Run Away Success
Updated: Feb 22
By Matt Gordon
Who hasn’t heard of the latest bestseller these days?
And yes, my most recent book is a bestseller.
At the time of this writing, it ranks in the top 50 (thousand) of all books sold on Amazon! That’s right! Top 50 (thousand)! Pretty impressive. To put that into perspective, my other book—oh, yes, of course you knew about that laugh-a-second tome—ranks at number 2,223,333, which makes being top-50 (thousand) all the more impressive.
That means, if sales are any indicators, I’m something like 44 times better as an author than I once was.
But if you think all this success has gone to my head, well, you are wrong. It has also gone to my body and soul. Even my manner of dress has changed. It used to be sweats and a hoodie for me—that was the behavior of a middling humorist, ranked in the two-millions. Now that I have a top 50 (thousand) faith book, I need to dress for the success I’ve become. Some of my shirts have buttons; my pants, a dainty zipper. And even when I forget to close this little zipper, no one corrects me. Probably on account of me being a bestselling author and all.
Plus, even if the riffraff wanted to meddle, I’d be unavailable to them, as now I spend a fair bit of time with the phone to my ear. There are calls to make, publicists to connect with, deals to broker, advances to negotiate. None of this is actually happening, but I keep my phone right there at my ear, at-the-ready, manifesting the fanfare that is surely coming my way.
Manifesting an extremely wealthy destiny is how I spend a good deal of time these days.
Sure, people still talk to me—when I let them. It is important to occasionally hear from the rabble. They’ll say things like, “I typed in your book and it didn’t come up in the search results” or “Why is your book so bad?” or “When do you think it might get a lot cheaper?” To these peons I offer an autograph to shut them up. They say they don’t want an autograph, but I sign anyway—their outstretched hand, their coffee cup . . . whatever is before me. I signed one guy’s Bible at a church. He said it was sacrilegious. I wasn’t so sure, so I typed into Amazon “Bible sales ranking” to see if he was right. Matthew McConaughey’s
Greenlights came up, which, if you ask me, is the true sacrilege. I went ahead and ordered a copy of it in case Matthew ever wants to do an author collab or something at some point. I then put the phone down to tell the Bible guy my findings, but he had already left with his family. Poor, lonely soul.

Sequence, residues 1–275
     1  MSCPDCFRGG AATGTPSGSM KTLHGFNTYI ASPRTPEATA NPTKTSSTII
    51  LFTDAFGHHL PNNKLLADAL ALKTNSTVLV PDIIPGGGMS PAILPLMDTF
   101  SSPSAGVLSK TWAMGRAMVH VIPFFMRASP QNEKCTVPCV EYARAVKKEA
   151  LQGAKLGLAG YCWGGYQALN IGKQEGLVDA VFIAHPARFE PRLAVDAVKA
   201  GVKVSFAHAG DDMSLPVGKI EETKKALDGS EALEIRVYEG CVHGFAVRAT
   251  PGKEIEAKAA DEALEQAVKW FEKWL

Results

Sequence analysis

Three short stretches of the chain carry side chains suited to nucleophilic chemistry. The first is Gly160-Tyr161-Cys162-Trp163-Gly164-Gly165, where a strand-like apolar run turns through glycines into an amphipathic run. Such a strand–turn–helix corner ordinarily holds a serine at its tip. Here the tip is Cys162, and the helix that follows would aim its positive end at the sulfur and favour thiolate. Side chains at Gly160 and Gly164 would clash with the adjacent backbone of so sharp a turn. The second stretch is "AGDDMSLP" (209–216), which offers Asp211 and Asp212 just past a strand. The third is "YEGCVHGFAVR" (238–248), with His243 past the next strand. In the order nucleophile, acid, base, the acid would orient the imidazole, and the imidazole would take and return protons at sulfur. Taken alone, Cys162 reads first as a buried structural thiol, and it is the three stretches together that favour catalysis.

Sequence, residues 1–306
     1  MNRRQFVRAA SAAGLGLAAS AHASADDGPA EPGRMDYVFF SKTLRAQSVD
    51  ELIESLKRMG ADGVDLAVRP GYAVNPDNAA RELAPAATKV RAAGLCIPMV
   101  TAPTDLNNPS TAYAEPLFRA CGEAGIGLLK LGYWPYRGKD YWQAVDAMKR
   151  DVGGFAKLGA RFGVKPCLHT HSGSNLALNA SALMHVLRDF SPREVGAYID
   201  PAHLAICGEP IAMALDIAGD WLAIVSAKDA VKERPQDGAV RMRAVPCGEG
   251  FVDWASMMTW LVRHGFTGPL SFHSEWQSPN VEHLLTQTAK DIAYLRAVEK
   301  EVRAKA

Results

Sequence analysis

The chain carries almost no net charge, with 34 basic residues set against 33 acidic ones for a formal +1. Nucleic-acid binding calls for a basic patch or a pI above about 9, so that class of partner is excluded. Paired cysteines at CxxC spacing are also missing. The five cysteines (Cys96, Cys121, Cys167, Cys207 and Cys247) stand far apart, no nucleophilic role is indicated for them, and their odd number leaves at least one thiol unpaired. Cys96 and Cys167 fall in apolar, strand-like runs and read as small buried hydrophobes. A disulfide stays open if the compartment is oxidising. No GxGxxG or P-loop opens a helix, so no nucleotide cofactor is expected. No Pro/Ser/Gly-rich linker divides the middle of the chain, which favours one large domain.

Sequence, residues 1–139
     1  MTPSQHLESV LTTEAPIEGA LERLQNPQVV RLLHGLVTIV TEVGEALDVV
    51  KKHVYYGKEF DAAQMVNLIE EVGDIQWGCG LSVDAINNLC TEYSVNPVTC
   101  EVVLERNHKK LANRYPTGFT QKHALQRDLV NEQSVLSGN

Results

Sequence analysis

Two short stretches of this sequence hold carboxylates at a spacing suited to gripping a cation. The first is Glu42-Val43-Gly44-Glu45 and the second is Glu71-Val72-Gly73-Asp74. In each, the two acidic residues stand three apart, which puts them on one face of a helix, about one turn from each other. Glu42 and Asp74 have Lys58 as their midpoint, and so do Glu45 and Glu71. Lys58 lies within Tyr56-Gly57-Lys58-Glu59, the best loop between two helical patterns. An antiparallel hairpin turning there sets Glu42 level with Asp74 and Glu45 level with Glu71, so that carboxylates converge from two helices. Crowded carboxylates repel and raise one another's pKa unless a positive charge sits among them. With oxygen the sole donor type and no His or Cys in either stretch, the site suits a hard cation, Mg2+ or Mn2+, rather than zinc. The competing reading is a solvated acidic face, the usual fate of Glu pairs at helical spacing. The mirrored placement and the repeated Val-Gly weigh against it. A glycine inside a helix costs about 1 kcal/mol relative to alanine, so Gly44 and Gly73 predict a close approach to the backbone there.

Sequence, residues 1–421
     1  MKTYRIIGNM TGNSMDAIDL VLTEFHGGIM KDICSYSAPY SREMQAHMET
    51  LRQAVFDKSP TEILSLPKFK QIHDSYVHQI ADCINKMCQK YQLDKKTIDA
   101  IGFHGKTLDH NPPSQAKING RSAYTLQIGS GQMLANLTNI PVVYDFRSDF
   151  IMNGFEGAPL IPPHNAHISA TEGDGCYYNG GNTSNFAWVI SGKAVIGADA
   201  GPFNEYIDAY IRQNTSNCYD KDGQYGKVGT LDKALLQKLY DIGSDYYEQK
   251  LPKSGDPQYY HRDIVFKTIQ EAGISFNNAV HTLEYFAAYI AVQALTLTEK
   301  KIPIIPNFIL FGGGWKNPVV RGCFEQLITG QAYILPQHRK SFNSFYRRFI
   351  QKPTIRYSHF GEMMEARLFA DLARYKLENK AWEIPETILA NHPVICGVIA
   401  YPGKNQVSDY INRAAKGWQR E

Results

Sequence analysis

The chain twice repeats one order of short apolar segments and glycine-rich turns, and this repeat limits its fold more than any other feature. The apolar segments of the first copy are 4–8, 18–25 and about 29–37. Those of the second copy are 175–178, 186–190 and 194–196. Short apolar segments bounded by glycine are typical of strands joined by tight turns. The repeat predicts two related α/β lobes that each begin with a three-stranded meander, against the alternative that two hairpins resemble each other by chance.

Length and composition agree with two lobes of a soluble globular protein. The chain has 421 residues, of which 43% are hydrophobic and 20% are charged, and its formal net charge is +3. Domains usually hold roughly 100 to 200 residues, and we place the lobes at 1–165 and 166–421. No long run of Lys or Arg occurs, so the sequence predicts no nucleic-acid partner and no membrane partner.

I often worried what unmitigated success might do to me. That is a big reason I chose not to become a professional athlete or famous actor. Despite my persistent efforts at mediocrity, now I’m finding out anyway: Truly, it is lonely at the top. My friend(s) is coming around far less than he used to. I wish he’d come back. Last time he was over I made him take a bunch of headshots (and some body ones too) of me in case someone invites me on a book tour or needs images for a Broadway show of my life they are trying to throw together. He took them all on his phone, and I’d really like to get those over to Walgreens pronto. If you see him could you tell him I’m looking for him/his phone?
My family, too, has kept their distance. Part of this might be because I moved down to a writer’s chalet that was formerly our basement. I sleep down there and work down there; it is where I take my meals. I filled it with muses—the things that spur my creativity on . . . my process, as we artists call it. Yes, down in my cozy chalet I have my video games and a TV. I spend a lot of time with these, letting the creativity marinate. I allow my family down to my quarters . . . on Sundays. If they are quiet. They are allowed to watch my process—I feel their faces watching my own face watch football, and it fills me with joy knowing that I am passing down an artistic tradition to the next generation. They lack discipline, though, and tend to leave after a half-hour or so. Sometimes I stay in that state for literal days, breaking from the soft glow of the television solely to use the bathroom and check the Amazon listing for any upward progress on the old sales rankings.
My wife has tried to coax me to my former life. But she just doesn’t get it—you can’t until you experience the transformation that I have gone through. Many delusional people think that riches and fame won’t change them. I probably once thought the same. But now I know the other side. I sit and think about all the money and accolades that are surely on their way to my future mansion right now, and I can’t help but know how very special I am. Chosen by the cosmos for top-50 (thousand) greatness. I try to fight the present pride at a promised future, yet I cannot contain it.
All I can do is turn on the TV and, basking in its soft glow, keep chasing greatness.